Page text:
George Maciunas liked my stepping out. He visited me and made me the Flux Chairman for Northern Europe. He gave me a complete collection of Flux works and I started the European Mail Order House, because he moved back to New York. Although Wim and I designed a complete Fluxus issue of a Dutch art magazine and I made a catalogue with price list, nothing much was sold. It was not considered art. That’s why I started with Peter J. Muller a national weekly paper (still without any money, I just convinced a printer) in which everybody could publish whatever they wanted. It became a big success. A whole generation grew up with this Flux project, but I never used the words “art” or “Fluxus.” I started with some friends two big clubs (Paradiso & Fantasio) in which everybody could jump on stage and do their own events. I was one of the first deejays directing the unpredictable shows. Within two years there were about 100 of those clubs in the country. The word “art” was never used.
I started a “dance” group that performed flux acts in between all the acts that the visitors brought in and everybody loved them. I was also regularly invited to present my acts in Flux concerts all over the world, and they mostly took place in museums and galleries which created an entirely different atmosphere. Although all the Flux friends felt like family and I still tasted a great freedom from judgment and seriousness, I didn’t like the locations. They loved it when I told them about my radio experiments on national radio. How everybody could send in any sound and I played it. How I told the listeners to step in their car and follow my instructions. Thirty thousand listeners started driving in the middle of the night, having incredible adventures. A great flux adventure that people are still talking about.
My whole life was in a state of Flux. I did everything without money because I discovered that when you are totally inspired (and you can’t fake that) you automatically inspire everybody around you. On a certain moment I lived in a huge villa in Italy, overlooking the Mediterranean (don’t ask me how) and we made a television show there in which I announced I would become an artist again. It was transmitted nationally on New Years Eve. I made illegal exhibitions in MoMA and the Stedelijk Museum of Amsterdam (without permission) where visitors (with headphones on) looked at all my illegal works, like holes in the wall, cracks in the windows, etc. The Village Voice in New York wrote that they judged it the exhibition of the month. The Tate Gallery recently wanted even a legal illegal one, during their “Fluxus Olympiad.” I even started a series of Radio shows called Radio Art, in which the listeners got instructions to perform Fluxworks at home or on the street.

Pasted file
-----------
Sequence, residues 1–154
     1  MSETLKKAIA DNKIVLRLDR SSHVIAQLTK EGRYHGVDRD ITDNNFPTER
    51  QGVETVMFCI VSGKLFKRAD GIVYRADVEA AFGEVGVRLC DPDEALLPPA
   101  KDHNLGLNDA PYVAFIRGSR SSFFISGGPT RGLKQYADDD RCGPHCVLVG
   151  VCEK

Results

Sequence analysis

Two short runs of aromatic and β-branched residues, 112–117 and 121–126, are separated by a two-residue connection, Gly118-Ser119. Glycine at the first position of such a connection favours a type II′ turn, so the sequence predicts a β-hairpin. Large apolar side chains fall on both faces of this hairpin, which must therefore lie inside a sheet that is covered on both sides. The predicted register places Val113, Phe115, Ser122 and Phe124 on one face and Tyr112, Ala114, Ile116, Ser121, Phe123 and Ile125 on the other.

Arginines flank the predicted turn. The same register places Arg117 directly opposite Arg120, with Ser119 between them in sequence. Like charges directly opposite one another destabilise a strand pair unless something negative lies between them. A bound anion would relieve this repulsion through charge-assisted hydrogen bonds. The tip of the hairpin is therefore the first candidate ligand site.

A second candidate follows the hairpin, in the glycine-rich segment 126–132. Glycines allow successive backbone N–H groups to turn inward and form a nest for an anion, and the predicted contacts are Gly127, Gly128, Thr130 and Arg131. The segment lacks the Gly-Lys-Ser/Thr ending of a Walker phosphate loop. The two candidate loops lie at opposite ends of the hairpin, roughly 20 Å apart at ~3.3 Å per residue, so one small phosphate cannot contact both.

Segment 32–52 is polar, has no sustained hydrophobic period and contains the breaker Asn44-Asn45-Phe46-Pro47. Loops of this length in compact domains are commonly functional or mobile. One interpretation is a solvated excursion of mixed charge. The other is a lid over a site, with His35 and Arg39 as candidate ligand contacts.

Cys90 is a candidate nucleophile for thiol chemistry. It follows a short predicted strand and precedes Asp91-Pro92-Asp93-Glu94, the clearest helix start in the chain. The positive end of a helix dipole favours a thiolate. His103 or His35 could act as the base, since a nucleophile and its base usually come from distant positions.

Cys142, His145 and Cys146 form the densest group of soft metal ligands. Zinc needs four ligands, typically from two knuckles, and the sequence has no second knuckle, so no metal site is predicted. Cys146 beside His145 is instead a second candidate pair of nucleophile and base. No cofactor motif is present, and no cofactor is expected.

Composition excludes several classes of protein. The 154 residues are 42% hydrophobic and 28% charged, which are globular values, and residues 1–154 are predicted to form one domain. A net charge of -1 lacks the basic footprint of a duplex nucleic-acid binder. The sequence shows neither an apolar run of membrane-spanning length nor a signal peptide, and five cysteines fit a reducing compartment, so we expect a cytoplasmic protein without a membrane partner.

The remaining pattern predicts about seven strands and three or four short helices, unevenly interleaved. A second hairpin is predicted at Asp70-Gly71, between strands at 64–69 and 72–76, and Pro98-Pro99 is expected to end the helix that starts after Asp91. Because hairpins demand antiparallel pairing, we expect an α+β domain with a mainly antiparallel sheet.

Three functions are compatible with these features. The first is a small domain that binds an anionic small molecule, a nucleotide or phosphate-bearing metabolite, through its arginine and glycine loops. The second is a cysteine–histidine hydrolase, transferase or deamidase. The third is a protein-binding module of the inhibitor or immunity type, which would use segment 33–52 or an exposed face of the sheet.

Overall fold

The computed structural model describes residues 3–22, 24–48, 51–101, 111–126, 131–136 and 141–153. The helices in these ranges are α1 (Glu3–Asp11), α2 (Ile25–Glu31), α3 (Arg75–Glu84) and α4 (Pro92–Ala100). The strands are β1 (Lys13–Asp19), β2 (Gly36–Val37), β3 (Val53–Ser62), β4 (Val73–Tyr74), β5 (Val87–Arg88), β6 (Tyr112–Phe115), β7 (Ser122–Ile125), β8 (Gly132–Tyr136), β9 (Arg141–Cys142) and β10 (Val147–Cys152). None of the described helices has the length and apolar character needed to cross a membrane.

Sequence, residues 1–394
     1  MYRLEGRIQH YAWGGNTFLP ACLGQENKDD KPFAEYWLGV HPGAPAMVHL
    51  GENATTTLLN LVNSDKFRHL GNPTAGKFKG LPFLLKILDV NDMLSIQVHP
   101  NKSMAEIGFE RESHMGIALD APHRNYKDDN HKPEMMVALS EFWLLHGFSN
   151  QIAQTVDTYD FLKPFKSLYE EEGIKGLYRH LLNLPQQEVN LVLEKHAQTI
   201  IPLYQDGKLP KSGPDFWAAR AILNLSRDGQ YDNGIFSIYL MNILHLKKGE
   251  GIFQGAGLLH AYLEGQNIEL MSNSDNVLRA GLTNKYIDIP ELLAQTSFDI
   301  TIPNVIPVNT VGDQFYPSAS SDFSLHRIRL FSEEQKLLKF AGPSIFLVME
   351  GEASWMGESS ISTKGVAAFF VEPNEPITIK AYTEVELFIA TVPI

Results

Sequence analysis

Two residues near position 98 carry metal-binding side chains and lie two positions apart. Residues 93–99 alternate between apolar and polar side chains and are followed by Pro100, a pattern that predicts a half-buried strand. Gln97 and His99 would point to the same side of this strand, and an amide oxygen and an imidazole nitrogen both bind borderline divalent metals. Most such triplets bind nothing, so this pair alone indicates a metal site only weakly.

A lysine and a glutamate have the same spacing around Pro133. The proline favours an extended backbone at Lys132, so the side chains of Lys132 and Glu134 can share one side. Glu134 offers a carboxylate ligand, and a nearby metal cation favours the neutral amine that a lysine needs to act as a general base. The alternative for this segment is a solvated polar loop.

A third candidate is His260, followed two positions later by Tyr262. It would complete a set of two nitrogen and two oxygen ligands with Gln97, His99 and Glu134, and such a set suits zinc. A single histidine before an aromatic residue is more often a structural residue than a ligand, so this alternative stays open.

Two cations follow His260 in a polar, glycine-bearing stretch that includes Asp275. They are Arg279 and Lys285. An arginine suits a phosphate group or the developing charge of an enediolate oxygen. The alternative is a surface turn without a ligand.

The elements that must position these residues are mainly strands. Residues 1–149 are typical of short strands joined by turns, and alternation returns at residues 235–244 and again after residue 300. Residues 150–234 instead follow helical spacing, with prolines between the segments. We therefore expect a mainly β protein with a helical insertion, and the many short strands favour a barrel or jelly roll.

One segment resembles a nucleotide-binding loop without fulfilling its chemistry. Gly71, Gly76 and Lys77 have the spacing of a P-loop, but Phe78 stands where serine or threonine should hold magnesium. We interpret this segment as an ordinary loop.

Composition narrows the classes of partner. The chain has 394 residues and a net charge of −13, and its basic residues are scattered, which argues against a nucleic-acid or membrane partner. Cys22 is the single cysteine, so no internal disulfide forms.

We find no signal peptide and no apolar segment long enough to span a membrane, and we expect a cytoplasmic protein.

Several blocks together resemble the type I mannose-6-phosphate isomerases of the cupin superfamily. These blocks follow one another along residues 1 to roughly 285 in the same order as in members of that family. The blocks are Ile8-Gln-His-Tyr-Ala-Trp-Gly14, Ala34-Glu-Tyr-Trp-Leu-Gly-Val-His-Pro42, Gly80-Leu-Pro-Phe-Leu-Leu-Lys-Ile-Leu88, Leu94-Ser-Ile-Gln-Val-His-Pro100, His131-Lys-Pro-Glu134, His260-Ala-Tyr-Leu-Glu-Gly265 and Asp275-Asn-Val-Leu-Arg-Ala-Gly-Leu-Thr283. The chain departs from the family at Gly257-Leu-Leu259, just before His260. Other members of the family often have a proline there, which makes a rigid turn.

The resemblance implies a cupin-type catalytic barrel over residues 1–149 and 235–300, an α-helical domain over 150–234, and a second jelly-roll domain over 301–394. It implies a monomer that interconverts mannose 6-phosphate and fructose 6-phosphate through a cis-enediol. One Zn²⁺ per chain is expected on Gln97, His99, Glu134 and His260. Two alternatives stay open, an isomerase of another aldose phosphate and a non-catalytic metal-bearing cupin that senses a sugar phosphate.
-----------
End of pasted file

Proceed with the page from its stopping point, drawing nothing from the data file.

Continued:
Eric Andersen initiated a Flux dinner in Copenhagen where events were performed at your table. I liked it so much that I organized a Flux dinner in the Hilton Hotel in Amsterdam. Recently I was master of ceremonies at a Flux dinner in the BALTIC Centre for Contemporary Art, in Gateshead, in which people at the tables performed Flux pieces themselves. I wrote a book that tells you how we create the world after our own image; that we’re all artists with incredible power, that we’ll be lost as soon as we start to judge. It’s so popular that the seventh printing is already coming up. I sold my genetic code in Korea to Larry Miller and he made a sales exhibition so that everybody can create a Willem de Ridder now. The list of fluxprojects that I did is endless and it became very clear to me that the young generation is very interested in the way Fluxus liberated us from all those officials who not only decided how we had to live, but what was art and what wasn’t.
We’ve been fooled into believing that people can think about you. The biggest fear in the West is to speak out in the open. We’re terrified to be judged, condemned, laughed at or thrown out. It’s the biggest lie ever. Nobody can see you. All they see is their own image, which is formed by their ideas, beliefs, convictions, etc. That’s why I created magazines with a soundtrack, so every image changed in front of your eyes because of the story you heard. I even made a different soundtrack for Dynasty, the famous soap on national television. So the whole story changed with the same images. Everybody sees something different anyway. You cannot look in their heads to see what they see. There is no so-called objective reality. So if they can’t see you, how can they think about you? Forget it. It’s not important what they think, but what you think, because that’s what you’re ‘seeing.’ If you suffer, because I’m such an idiot, you feel terrible and blame me. You give your power away and make yourself a victim. Victims don’t exist, only volunteers. Yes, you’re a great artist.